edium threshold. But I don't know about the race here. I feel like I want to be really careful. Teoh. Like it sounds like there's something very specific in mind and trying to bring the ghost. It's up because of drums. I do not want to also have that affect the rest of the drums. Like I don't want o make the kicks come through a little hotter or less interesting than they were originally. Yeah, totally. Well, if yeah, so is great. It was a great ideas. Um, let's say I have this one here. Right where I have. If I look at that, I've got lots of peaks, but I have these quieter parts. Well, if I want to bring up just the ghost notes right and not affect the the peaks too much, I actually would have a faster attack. Because then I bring up the volume of everything else, and I'm lowering those attacks and bringing it all up, right? So I think that answer is more of kind of your perspective. If I just do that quicker. Attack released to be somewhat quick. And then I bring up the output alone. So I slightly brought up the volume of those ghost notes. Probably like one or two decibel. But I'm not affecting to my did affect the transience. There's no like compression just does that. It affects transients. For better or worse, you've got to be careful. But it did kind of get what I was hoping for. So I guess my question when it really comes, the compressors is that that made a lot of sense when you were playing that audio track, right, because you kind of don't have control of the very sounds. But if we were dealing with a track that was a MIDI track, why would I not just go and just change the volumes of the components rather than add the compressor? That's a great, uh, thing to ask, because any time you can change the original sound, you definitely should. If you could get the drummer to not play. That kick is loud to balance out his mix. Awesome. You don't always have that, and that's the thing. Like when we actually get into compression. It is a tool best not used. It is very specific for bringing out things. Now when you're volumes air good, you shouldn't have to use that much compression. But there might be instances where you need to like this drum, bringing up those ghost notes or let's say it's the other way around where I want to. Ah, I wanna have Mawr dynamic range in my drums where I want the peaks to come out a little bit more. Then I would turn up my attack more of what you are saying. And then I get those transients to come through, and then the part that's being squashed is more of the quieter parts. So I'm just kind of like lowering those and vice versa, just using those all those parameters to get that desired effect, right? And just really quickly. I'm gonna look at some of these other ones, so we have vocals, and if I show this vocal, let's play it well, turn it off implant. I want to travel. Lay back in the gym, Mamba Free show you things that you never seen. But you just have to go with me. So there's a peak right here, and this is from Holly Thornton, who's both an amazing teacher at piano and the other things here in Seattle. You can check her out. Holly Thornton. She worked with me on a few tracks, but this right here is my problem. That volume, it's just peaks. So if I just have a slight amount of compression, you know it doesn't needed the tack. Doesn't matter. All that much puts, you know, like a medium attack medium release and just a little bit of ratio. Then I'm gonna get that little amount that I need to balance it out. And if we look at it, this was pre, and this is post that effect. See that difference? It just barely brought down those peaks. When I go to post hoops, it's weird looking at that screen. Uh, so that's pre and that's post very subtle. And that's, I think, a more appropriate use for compression. And then when we look at louder vocals, the difference here is if I it's the same vocal I want you to travel with, may lay back and that your mom a free show. It's subtle when I turn it on, but now I have a higher ratio, so I'm getting much more pumped volume out of it, especially if I lowered my ratio, which I did. And if we compare the two pre post, actually, it could go up to where those peaks were pre and post. See how I'm just getting an overall volume jump? Yeah, which is really good for vocals. Especially if you have a dynamic singer. A little touch of compression is gonna go long ways, but the key is is a little touch. It's not, like, super obvious gonna have these other settings based control, which is a very high ratio. A decent attack, like a mid attack. Mid release. Now, what do you guys think I'm doing with this? What do you think these settings air for? What would happen? You would let the initial sound through? Yeah, and then totally squish anything after that. Right down. Yes and no, um, it is going to squish everything yet. Sure you're right there. Yeah, but the main reason I'm having this is as you'll see between the two is I'm trying to flatten it, But keep that initial hit, so yeah, Yeah, you're right. Basically, um, so I'm getting the initial transient, but I'm controlling specifically right in here. Ah, let's double look at it right in that. After that transient, it gets a little bit louder and then comes down, so based control means I'm coming through and just flattening a little bit. So it's not as like crazy volumes. That's another good case of using base. And I'll just quickly look at this and then we'll kind of move on with the guitar. I'm having 3 to ratio. So not that big. A medium attack meaning released, just a little bit of a touch. And what this is going to do is, if I look at this pre post, I'm just taking control of those peaks just a little bit and bringing up the under part right subtle pre post, and that's what that is. So you also with this class, get this. You can both listen to what I did. Turn these parameters on and off, play with them and get the presets, because these are great presets for vocals, drums and so on. One of my key things here I'm trying to show you guys, is it subtle really is, and it's going to help your overall mix when you're getting a little bit more perceived volume out of all the parts, the overall track will sound a lot smoother and a lot better. Great, Um, let me see? So before we go into advanced compression, I'm just gonna quickly look at your mix to give you some ideas, Theo. One of the biggest things I noticed, cause when I'm looking at this is actually you have compressors you aren't using, which is common. It's the threshold never hit. Well, one thing you might notice is these are actually pretty quiet. Remember, we talked about volume gain gain structure. So the first thing I do in my game structures, turn that up. Then when I look at my compressor, if I were to compress, I would put that up. I could turn this down a little. Now, you guys know the parameters. You just ask yourself what I want here, right? Do I want the initial hits to come through like the peaks? I don't no longer the breath in this in the let the slow release yet to be sustained longer, right? And if you look at the wave form, it's kind of it's almost backwards because the sound seems to get louder at the end. Yeah, some of them that could be come yet. Like here. Yeah, we're here. That's common within flutes because, uh, Well, I mean, it's any instrument. It depends how you play it, like, I guess. Well, uh, you know, if your breathing into it harder and harder or whatever it might be, um, So if I wanted this sustained more than I have a longer release, kind of a quicker attack. So it's gonna hit notice the initial hit and then last a little bit longer in terms of its compression. So it specifically help with that, right? And then you would set your ratio whatever would be good, which you probably don't want too much. But notice if I play right here, never hits that threshold. Right? But that's why we have a long ratio. Because it will during that section, a little bit more. And I could go even, Let's bring down the threshold. So I probably got one or two db out of just that part. Cool. Now we're really understanding how to use this to to our advantage. Uh, another instance on your track would be like trying to see because you have few compressors on here. I think this is another one that might not have up note. This one is being used. Yeah, sometimes I'll load a compressor on just Teoh for gain, and I won't even you. Oh, yeah, Yeah. That's utility. Yeah, especially cause you might as soon as this part hits, it's a lot louder and you are compressing right, Which you just got to ask yourself, why? Why are you compressing less is better. But what I would say is using a little compression on your main drums. Um, actually, no, No. The example I was thinking was your, uh, Jim Bay. So what's happening with his djembe? Here is there's two tracks and if I zoom in, you'll notice Well, one that they're really quiet. Just to show this off, I'm gonna delete these AutoNation's turn these guys up just so we can actually see what's happening here and turn them down there so you can see how it's very helpful right now if I There's instances where these two are hitting at the same time and they're gonna create a volume jump compared to the rest. And that is why having just a little subtle compression on that track will kind of glue those peaks together. I'll talk about glue compressor shortly, but if I put in a compressor. You already have one. I'm just gonna delete it for now because I'm looking to just control the peaks. I want a fast attack, medium release, high ratio. I'm just taking care of those little spikes that happened once in a while, and that's why it kind of feels a little glued. I can even turn up the ratio just a little to make it kind of keep the sustain relief. I don't know why I'm doing that today. There we go. That's that's a nice little gluing of that. That part lots of practical is going on there, and we could literally spent all day compressing all these different parts or not telling you Why not to compress them. But I want to be open for any questions before we move into advanced compression techniques We do have. Do you guys have questions but that we think we have some from online when when to use Peak and went to use our mess in the compressor also went to use linear. And when Hughes log arrhythmic curves so great well, so Peak is paying his engine a peak, right? It's paying attention to transience. It's really good for drums. It's really good for things that are happening attacking quickly. RMS is much better. That's average. So if you play this look, it's not even seeing those peaks, because the average volume is now what it's paying attention to to create the compression president peaks that specifically the peak. This is much better for vocals, right? Or pads, maybe a chortled guitars or something like that. A Sfar as the envelope log more thick versus linear. Um, I don't switch between these that often. So I'm going to tell you guys a trick, which is there's a lot of information toe learn here. My word. And you always have the same phone view, this little square. You could go right next to it and give you a little information about what this is because there's things. I'm not gonna go over here. I'm not gonna go over look ahead that much. I might a little later, but there's so many different. We've gone over most of this, but there's so many little things on stuff. Just open up info view and see it. So linear log. Horrific trigger, uh, toggles. The compressors released between linear and long. Horrific. Um amount Log mode sharply compresses, peaks, while the faster release time, then less compressed material. This can result in smoother and less noticeable compression. In linear mode. I'm pretty sure that's the difference. And if you're looking a spectrum analyzer, you have Weimer thick versus linear, right? It's that same idea and it's just looking at that in terms of its it's peaks. Right? So I would say, uh, vertical access represents output levels dragged. I'm looking at the wrong one that, um, yeah, I would just go by. What? What they say long graphic mode is much better for compressed peaks with faster releases. Yeah, I I honestly don't even switch between the two. OK? Yeah, I just sticking linear. Cool. Um, in which parameter do you just first, when you're setting your compressors in which one do you do last? You do it in the order you just showed, like, uh, yeah, generally. I mean, I need to know the threshold. Yep. First, where it's yeah, where it's gonna happen. And even just seeing the threshold lets me know what's happening. Oh, it's obviously a peak thing. So let me put it into Peak. Great. Now that we know it's a peak. What I want to do with the peak and so on. I do think it's best to come at this with some some forethought of what do I really want out of this sound? If you come at your compression that way, you're going to get what you want. Oh, I want the peaks to be lowered and I want the sustains to be longer. Okay, well, then I have ah, quick attack and longer release and the threshold you just kind of I mean, that's just playing around with it. Tell us, right? Generally, I'd say, Start with threshold, get your release, Tackle it ratio. You're gonna bounce around a little bit and then maybe turn it back just a little bit more than you expect. That's just the general rule. In any effect, turn up the reverb all the way and then dial it back a little. I noticed when you load your compressor and makeup gain isn't automatically on. But when I load mine in its always on else well, that has this awesome thing, right? Click save as default. So if I saved his default now, every time I dragging a compressor it's that setting, right? Resident. If I did that, it seems default compressive. Yeah, that'll help. I think you're just making people's lives so much easier. Yeah, just minute by minute things. Little things, right? It is the little things.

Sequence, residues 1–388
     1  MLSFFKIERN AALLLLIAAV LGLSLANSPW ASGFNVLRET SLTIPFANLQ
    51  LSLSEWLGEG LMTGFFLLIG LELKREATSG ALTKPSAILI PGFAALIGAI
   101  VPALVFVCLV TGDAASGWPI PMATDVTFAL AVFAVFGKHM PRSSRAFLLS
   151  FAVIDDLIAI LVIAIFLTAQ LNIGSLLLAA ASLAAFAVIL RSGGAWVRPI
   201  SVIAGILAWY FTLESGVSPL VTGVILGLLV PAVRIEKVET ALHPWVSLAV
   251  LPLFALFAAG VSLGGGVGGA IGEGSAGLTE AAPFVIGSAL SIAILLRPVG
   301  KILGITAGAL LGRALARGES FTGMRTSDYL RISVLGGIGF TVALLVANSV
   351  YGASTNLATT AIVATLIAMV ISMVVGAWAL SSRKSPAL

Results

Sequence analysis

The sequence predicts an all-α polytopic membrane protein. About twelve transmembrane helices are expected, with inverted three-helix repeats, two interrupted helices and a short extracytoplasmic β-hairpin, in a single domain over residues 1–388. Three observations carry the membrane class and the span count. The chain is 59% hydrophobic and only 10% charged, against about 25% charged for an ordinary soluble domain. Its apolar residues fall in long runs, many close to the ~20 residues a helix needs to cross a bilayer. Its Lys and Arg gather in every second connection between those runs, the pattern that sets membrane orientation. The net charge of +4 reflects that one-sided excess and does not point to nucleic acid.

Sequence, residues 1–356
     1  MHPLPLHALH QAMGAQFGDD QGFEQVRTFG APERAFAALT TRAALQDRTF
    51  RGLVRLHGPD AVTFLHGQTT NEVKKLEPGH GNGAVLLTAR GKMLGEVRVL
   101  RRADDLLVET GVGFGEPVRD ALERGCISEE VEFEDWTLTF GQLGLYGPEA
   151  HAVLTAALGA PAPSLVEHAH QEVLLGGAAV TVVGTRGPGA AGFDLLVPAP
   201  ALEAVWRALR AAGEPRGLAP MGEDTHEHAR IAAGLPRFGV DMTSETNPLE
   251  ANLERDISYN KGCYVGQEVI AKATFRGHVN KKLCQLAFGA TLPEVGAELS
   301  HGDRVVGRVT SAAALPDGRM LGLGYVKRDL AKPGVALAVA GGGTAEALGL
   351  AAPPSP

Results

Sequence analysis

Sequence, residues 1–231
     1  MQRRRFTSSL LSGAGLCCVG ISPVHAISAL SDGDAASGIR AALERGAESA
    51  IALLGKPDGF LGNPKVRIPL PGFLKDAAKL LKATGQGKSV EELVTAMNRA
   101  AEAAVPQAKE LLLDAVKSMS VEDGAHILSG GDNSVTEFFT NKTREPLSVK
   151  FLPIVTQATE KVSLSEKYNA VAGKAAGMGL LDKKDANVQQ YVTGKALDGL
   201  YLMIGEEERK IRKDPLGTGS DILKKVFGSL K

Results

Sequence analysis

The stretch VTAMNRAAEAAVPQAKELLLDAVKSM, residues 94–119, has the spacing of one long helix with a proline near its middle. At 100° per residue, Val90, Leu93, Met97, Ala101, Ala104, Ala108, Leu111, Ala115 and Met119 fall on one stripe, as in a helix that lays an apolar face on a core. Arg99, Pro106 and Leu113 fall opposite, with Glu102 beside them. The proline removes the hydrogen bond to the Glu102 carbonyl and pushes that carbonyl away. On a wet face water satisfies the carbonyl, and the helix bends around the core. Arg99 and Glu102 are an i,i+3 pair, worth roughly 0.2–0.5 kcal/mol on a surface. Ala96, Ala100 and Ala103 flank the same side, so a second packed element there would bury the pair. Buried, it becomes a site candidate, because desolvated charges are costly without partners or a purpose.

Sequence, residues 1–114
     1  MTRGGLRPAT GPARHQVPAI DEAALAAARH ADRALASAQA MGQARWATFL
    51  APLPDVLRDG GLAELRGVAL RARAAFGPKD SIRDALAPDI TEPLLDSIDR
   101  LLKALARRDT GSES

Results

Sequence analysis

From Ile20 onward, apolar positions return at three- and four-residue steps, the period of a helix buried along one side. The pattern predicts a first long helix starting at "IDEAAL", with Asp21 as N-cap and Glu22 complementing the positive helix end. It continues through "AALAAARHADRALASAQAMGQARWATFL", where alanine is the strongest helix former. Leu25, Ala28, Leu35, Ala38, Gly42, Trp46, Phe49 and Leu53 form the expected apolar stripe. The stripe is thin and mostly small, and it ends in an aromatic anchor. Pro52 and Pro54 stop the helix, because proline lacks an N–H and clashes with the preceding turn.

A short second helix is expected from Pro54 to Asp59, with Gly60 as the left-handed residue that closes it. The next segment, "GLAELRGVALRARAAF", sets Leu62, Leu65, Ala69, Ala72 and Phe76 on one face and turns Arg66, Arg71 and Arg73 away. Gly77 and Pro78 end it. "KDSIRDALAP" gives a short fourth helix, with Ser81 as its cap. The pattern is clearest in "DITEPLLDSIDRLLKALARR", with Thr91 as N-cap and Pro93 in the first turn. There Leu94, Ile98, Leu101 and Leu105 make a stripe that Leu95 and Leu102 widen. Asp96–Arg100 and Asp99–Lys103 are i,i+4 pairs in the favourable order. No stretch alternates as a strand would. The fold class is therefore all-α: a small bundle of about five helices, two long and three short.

Class Description


Mediocre mixing ruins songs. Don’t let good songs go to waste – get a complete mixing education with Isaac Cotec in Mixing Electronic Music In Ableton Live.

Isaac, better known as Subaqueous, is an Ableton Certified Trainer who’s been making electronic music in Ableton since 2002. In this class, he’ll discuss the why behind the how of mixing and help you make better decisions during every step of your mixing process. 

You’ll learn about:

  • Setting up your studio: monitors, acoustic treatment, etc
  • Routing and gain structure
  • Dynamic range and compression
  • Advanced EQing and spatial placement
  • Adding color and dimension: reverb, delay, and effects
  • Basics of mastering in Live


Isaac will show you how to zoom out and take conceptual control over the mix and then zero in on the steps it’ll take to get there.

Mixing Electronic Music In Ableton Live will get you up-to-speed on the why and the how of mixing so you never degrade another song again.

Includes Isaac's complete mixing example set in Ableton with all examples of compression, eq, track setup and panning along with the frequency worksheet of instrument placement, a pdf on sharing tracks with others and a pdf on mixing in Ableton Live. Over 1GB in total!

Reviews

a Creativelive Student
 

Excellent Course, Isaac Cotec is a great instructor and a great producer. The course is very well organized explaining each important step of the mix. as well as great tips and techniques. He also includes a great deal of support material with the course including an Ableton Live Pack with tons of great presets and tools to put to practice the knowledge acquired in the course.

a Creativelive Student
 

Isaac covers an amazing amount of material in a clear and concise way. Great intro to mixing with Ableton or review for the intermediate user who wants to solidify their best practices, DAW knowledge as well as gain some production tips.

Ian turner
 

this is the best thing money can buy in my life. Isaac makes it look easy and the way he teaches makes you understand everything and makes it easy for you as well. its exactly what i wanted to learn in each video! i cant even sleep because another video loads and im like "ohhhh i need it" lol. i thank god for this class being affordable and the real deal.